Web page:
Brazil: vast Amazon reserve opened to mining

Brazil's government issued an order Aug. 23 abolishing a vast national reserve in the Amazon in order to open up the area to mineral exploitation. The National Reserve of Copper and Associated (RENCA), covering 46,000 square kilometers (17,800 square miles, an area larger than Denmark), straddles the northern states of Amapa and Pará, and is thought to be rich in gold, iron, manganese and other minerals. It was created in 1984 to protect the rich natural resources of zone. In announcing the dissolution of the RENCA, the Mines and Energy Ministry said the objective of the measure is "to attract new investments, generating wealth for the country and employment and income for society, always based on the precepts of sustainability." But opposition Senator Randolfe Rodrigues denounced the move as "the biggest attack on the Amazon of the last 50 years."

Dissolution of the RENCA is said to affect only some 30% of its territory, as it overlaps with other protected areas and indigenous reserves. Currently, seven conservation units are present within the RENCA, three of which are fully protected (Jari Ecological Station, Tumucumaque Mountains National Park and Maicuru Biological Reserve), and four open for "sustainable use" (Rio Cajari Extractive Reserve, Iratapuru River Sustainable Development Reserve, Amapá State Forest and Paru State Forest). There are also two indigenous territories that overlap with the RENCA,  Rio Paru d'Este and Waiãpi. But here the federal government maintains subsoil rights, leaving their fate unclear.

Rodrigues, of the left-opposition Rede party led by former presidential candidate and environment minister Marina Silva, has proposed a measure in the Senate to block the decree. President Michel Temer responded by issuing a statement claiming that opening the reserve would paradoxically protect it, by bringing mining under government regulation: "RENCA is not a paradise, as some would wrongly like to make it appear. Today, unfortunately, the territories of the original RENCA are subject to the degradation caused by illegal gold miners, which besides plundering national wealth, are destroying nature and polluting waterways with mercury." (BBC News, O Globo, EBC, Reuters,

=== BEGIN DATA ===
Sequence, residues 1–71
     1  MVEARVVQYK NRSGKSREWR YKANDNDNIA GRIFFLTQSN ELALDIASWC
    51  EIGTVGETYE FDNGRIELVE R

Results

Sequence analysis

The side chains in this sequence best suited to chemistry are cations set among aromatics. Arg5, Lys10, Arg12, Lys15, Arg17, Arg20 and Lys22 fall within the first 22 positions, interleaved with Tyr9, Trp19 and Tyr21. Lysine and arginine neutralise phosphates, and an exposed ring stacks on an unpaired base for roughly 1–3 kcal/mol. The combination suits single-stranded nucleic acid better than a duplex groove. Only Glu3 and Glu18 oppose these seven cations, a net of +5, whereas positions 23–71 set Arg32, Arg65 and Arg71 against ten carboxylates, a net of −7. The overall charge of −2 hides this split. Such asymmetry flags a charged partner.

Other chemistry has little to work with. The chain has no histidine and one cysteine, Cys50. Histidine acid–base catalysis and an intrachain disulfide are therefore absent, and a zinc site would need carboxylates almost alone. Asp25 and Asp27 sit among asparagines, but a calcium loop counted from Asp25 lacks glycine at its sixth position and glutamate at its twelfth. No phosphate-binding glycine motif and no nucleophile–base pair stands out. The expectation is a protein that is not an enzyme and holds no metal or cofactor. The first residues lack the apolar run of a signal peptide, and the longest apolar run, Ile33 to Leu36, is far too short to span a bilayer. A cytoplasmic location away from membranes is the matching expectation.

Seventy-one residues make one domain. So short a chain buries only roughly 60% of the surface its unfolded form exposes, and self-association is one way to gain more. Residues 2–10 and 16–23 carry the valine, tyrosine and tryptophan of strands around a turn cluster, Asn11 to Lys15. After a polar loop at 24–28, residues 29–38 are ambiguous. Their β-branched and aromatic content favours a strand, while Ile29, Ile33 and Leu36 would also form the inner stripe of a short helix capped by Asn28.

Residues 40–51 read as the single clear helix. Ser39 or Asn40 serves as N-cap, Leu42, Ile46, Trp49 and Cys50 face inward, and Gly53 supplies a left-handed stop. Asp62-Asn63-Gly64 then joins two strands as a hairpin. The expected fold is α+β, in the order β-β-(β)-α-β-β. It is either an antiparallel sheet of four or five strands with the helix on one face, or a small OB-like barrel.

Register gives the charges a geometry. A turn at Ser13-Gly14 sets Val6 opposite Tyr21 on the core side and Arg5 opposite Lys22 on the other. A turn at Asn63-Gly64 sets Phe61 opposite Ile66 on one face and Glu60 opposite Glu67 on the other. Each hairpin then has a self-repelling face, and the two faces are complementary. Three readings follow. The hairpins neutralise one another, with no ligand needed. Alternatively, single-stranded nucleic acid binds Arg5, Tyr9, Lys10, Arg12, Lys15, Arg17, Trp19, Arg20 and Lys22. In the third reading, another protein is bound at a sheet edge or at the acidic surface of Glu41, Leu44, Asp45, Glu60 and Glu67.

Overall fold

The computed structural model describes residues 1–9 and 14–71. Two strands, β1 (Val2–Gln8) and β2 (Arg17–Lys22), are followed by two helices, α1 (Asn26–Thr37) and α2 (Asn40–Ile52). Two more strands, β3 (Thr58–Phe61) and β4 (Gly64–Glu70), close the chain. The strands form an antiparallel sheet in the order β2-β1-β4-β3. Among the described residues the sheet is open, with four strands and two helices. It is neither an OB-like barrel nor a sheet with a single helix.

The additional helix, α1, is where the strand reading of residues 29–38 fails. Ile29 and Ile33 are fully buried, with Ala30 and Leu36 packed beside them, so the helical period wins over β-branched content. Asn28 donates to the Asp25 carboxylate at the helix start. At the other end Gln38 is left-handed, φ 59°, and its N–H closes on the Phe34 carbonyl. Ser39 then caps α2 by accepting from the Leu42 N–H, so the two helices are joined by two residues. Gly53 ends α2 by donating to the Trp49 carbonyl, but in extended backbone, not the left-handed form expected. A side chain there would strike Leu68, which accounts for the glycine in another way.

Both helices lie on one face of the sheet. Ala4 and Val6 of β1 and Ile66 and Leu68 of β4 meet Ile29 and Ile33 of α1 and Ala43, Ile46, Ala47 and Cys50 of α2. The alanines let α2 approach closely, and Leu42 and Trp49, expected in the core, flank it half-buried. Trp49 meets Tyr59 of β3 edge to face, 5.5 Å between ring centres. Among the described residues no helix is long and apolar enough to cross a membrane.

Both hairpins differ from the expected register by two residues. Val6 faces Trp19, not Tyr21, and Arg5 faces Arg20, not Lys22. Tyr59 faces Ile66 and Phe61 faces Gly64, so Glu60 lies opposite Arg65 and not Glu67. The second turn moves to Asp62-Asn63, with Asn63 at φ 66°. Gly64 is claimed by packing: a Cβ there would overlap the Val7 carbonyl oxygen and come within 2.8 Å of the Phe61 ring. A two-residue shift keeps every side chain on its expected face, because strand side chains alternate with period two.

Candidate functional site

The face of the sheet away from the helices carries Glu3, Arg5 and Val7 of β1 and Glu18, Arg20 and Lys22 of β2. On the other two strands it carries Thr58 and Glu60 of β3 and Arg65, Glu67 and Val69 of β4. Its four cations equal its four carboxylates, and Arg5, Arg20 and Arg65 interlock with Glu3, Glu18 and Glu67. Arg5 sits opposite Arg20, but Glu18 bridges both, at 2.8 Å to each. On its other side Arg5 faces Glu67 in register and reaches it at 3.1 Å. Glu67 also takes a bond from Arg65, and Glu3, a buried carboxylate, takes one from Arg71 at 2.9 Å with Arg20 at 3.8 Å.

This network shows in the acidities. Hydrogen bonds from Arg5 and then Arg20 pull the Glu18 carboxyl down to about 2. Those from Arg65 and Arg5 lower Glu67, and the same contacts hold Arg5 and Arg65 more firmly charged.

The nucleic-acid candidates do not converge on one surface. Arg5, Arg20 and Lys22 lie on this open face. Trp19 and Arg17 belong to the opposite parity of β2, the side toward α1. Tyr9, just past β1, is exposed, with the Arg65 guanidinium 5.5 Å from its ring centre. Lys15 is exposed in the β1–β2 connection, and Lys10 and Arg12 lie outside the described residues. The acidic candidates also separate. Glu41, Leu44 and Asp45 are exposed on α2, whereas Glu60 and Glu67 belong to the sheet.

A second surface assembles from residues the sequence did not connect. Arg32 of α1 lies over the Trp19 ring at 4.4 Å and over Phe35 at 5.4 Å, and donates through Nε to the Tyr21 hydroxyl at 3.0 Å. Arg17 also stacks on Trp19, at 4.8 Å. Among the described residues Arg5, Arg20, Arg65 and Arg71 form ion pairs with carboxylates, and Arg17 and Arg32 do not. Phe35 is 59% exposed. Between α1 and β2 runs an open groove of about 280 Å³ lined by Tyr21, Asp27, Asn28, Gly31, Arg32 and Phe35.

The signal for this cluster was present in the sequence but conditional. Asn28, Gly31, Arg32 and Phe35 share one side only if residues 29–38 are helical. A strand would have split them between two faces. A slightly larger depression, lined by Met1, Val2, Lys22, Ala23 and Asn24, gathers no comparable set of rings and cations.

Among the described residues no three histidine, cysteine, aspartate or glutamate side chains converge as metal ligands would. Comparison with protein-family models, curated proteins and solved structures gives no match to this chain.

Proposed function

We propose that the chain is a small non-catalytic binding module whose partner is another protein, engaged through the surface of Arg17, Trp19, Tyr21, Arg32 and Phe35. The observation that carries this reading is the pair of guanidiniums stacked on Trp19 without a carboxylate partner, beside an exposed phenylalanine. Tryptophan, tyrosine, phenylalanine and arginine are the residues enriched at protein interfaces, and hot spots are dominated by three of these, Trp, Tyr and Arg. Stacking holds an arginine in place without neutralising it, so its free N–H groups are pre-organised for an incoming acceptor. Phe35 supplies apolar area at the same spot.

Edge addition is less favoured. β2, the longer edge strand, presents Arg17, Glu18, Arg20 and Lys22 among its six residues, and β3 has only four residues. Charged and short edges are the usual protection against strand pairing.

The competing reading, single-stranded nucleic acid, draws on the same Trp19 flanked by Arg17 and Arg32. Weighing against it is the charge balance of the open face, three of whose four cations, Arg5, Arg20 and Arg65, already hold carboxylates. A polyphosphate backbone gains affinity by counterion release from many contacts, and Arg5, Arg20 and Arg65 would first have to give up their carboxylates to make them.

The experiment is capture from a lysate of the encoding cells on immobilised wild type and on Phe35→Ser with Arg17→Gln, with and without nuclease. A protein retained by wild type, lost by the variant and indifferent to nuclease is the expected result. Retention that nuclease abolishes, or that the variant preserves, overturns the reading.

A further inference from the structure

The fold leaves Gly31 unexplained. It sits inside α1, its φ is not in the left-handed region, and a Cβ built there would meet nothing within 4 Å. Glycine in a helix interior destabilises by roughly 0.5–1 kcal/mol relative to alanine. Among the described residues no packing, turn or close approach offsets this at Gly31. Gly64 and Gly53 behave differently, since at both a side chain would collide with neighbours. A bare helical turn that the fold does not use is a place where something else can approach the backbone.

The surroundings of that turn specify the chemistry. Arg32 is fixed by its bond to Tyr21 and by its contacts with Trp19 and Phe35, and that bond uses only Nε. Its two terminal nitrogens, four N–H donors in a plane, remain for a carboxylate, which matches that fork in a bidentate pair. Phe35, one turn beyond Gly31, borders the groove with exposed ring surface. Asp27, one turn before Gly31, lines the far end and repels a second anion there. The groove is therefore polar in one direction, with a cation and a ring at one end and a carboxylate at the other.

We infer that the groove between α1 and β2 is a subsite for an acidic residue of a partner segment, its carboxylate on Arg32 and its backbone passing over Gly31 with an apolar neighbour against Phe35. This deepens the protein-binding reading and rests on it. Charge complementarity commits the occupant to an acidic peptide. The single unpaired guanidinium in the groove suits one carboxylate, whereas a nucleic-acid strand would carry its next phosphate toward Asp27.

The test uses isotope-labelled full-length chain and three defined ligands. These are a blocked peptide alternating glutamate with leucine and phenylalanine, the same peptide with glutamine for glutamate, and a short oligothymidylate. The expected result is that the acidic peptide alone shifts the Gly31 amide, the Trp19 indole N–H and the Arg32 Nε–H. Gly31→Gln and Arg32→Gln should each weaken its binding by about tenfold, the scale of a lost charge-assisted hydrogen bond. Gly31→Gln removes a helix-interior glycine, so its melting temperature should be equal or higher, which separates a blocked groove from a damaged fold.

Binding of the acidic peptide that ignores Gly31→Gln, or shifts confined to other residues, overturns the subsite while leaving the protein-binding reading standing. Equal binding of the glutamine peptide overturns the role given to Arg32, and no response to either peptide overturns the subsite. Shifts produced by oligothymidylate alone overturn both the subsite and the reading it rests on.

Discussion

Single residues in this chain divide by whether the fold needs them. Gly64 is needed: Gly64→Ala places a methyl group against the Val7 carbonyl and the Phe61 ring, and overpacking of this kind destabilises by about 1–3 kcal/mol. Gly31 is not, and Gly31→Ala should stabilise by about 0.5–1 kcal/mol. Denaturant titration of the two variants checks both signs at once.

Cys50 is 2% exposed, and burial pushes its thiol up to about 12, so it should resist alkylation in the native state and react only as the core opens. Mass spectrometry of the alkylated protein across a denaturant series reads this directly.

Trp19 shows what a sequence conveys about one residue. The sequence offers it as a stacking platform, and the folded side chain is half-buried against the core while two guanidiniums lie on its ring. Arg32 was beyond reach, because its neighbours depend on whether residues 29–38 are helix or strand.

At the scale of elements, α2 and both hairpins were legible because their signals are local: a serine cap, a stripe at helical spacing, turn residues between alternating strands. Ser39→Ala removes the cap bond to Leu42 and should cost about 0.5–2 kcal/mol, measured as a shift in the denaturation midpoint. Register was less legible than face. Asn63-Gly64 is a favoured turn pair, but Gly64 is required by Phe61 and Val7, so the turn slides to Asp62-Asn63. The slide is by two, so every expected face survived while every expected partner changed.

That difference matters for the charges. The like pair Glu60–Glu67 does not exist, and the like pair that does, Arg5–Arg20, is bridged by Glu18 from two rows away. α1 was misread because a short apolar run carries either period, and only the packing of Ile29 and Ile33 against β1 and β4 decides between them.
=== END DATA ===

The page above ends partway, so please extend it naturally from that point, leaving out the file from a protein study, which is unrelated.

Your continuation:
1. Brazil: court blocks Amazon mining decree

    A Brazilian court on Aug. 30 suspended a government decree that would open up a vast  reserve in the Amazon to mining. Two days earlier, following widespread criticism, the government officially revoked the decree. Mining and Energy Minister Fernando Coelho Filho said the government would issue a new one that still abolishes the  reserve but specifies that existing protections for parts of the reserve will remain in place. The federal court in the capital Brasilia said in a statement it was suspending "possible administrative acts based on the decree" signed by President Michel Temer, which also seems to place any new decree in question. (BBC News, Aug. 30; Reuters, Aug. 28)